Studies on the secretory system in crown-group eukaryotes (plants, animals and fungi) have uncovered a family of proteins, the p24 (p24/gp25L/emp24/Erp) family, that have an important role in cargo selection and packaging into COPII-coated vesicles [5,6,7,8]. Additionally, they might also function in excluding secreted proteins from COPI-coated retrograde vesicles [9,10]. Members of the p24 family are type I membrane proteins, with a small carboxy-terminal cytoplasmic tail that interacts with the vesicle coat proteins and a globular lumenal region that probably interacts with the cargo [11,12]. They are abundantly distributed on the membranes of the vesicles budding off the ER and the cis Golgi membranes. The p24 proteins belong to at least four distinct subfamilies [8,12] and form hetero-oligomeric complexes that contain at least one member from each subfamily. This heteromerization of the p24 proteins has been shown to require a coiled-coil stretch at the extreme carboxyl terminus of their lumenal regions .
Improved understanding of the p24 family may throw light on evolution and function of the Golgi apparatus in eukaryotes. With this objective, we conducted a computational sequence analysis of the p24 proteins and show that they contain a conserved globular domain that is also present in several other Golgi and lipid-traffic proteins. We present evidence that this module is likely to serve as a common denominator in protein-protein interactions in several distinct contexts, such as in secretory vesicles and on the Golgi peripheral membrane. The proliferation of this superfamily appears to have been central to the diversification of the eukaryotic secretory apparatus.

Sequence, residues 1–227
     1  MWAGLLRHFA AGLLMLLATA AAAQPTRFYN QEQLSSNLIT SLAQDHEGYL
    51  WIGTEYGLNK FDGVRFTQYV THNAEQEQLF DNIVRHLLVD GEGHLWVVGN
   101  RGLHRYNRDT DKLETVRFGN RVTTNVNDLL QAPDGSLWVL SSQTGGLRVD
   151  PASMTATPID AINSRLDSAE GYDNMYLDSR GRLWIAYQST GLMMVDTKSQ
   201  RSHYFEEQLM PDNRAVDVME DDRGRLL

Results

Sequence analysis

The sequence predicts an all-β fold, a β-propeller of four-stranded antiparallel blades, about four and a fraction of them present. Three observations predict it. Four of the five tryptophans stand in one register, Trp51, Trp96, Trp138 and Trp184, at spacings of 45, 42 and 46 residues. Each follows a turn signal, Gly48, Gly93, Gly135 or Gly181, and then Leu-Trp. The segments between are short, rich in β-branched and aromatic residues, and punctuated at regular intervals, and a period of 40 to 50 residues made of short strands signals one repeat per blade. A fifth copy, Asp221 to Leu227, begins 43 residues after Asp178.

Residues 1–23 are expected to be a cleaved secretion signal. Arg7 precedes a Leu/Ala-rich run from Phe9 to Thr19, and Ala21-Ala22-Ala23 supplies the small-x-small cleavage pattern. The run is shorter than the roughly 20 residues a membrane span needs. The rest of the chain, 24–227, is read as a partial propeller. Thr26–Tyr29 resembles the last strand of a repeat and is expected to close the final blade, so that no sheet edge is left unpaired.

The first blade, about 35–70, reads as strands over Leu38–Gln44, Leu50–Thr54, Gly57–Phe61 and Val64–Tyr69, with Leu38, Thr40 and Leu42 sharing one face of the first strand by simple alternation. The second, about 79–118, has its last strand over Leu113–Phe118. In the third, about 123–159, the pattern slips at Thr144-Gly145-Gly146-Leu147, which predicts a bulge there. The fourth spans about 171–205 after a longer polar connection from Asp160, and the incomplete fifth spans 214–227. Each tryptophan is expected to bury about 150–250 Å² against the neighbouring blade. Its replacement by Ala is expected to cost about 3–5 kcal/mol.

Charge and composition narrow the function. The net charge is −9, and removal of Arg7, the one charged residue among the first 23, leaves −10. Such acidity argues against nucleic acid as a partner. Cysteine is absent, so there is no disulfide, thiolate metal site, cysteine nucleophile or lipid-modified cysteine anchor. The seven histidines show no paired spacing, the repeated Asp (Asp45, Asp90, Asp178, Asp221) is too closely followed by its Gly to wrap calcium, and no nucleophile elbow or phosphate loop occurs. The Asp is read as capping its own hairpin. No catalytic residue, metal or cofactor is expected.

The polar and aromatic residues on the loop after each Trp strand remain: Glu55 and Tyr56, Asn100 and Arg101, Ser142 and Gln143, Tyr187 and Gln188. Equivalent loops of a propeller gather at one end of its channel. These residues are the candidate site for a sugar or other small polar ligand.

Results and discussion
Identification of a conserved domain in p24 and other Golgi proteins
The presence of the GOLD domain at the extreme amino or carboxyl terminus of the Osh3p and animal Sec14 proteins, respectively, allowed us to establish accurate boundaries for it. The domain is typically between 90 and 150 amino acids long and, in the p24 family, it comprises almost the entire lumenal region, with the exception of an α-helical extension of approximately 50 amino acids that precedes the transmembrane segment. Most of the size difference observed in the GOLD-domain superfamily is traceable to a single large low-complexity insert that is seen in some versions of the domain. A secondary-structure prediction for the domain using the PHD  program reveals that it is likely to adopt a compact all-β-fold structure with six to seven strands. Most of the sequence conservation is centered on the hydrophobic cores that support these predicted strands. The predicted secondary-structure elements and the size of the conserved core of the domain suggests that it may form a β-sandwich fold with the strands arranged in two β sheets stacked on each other.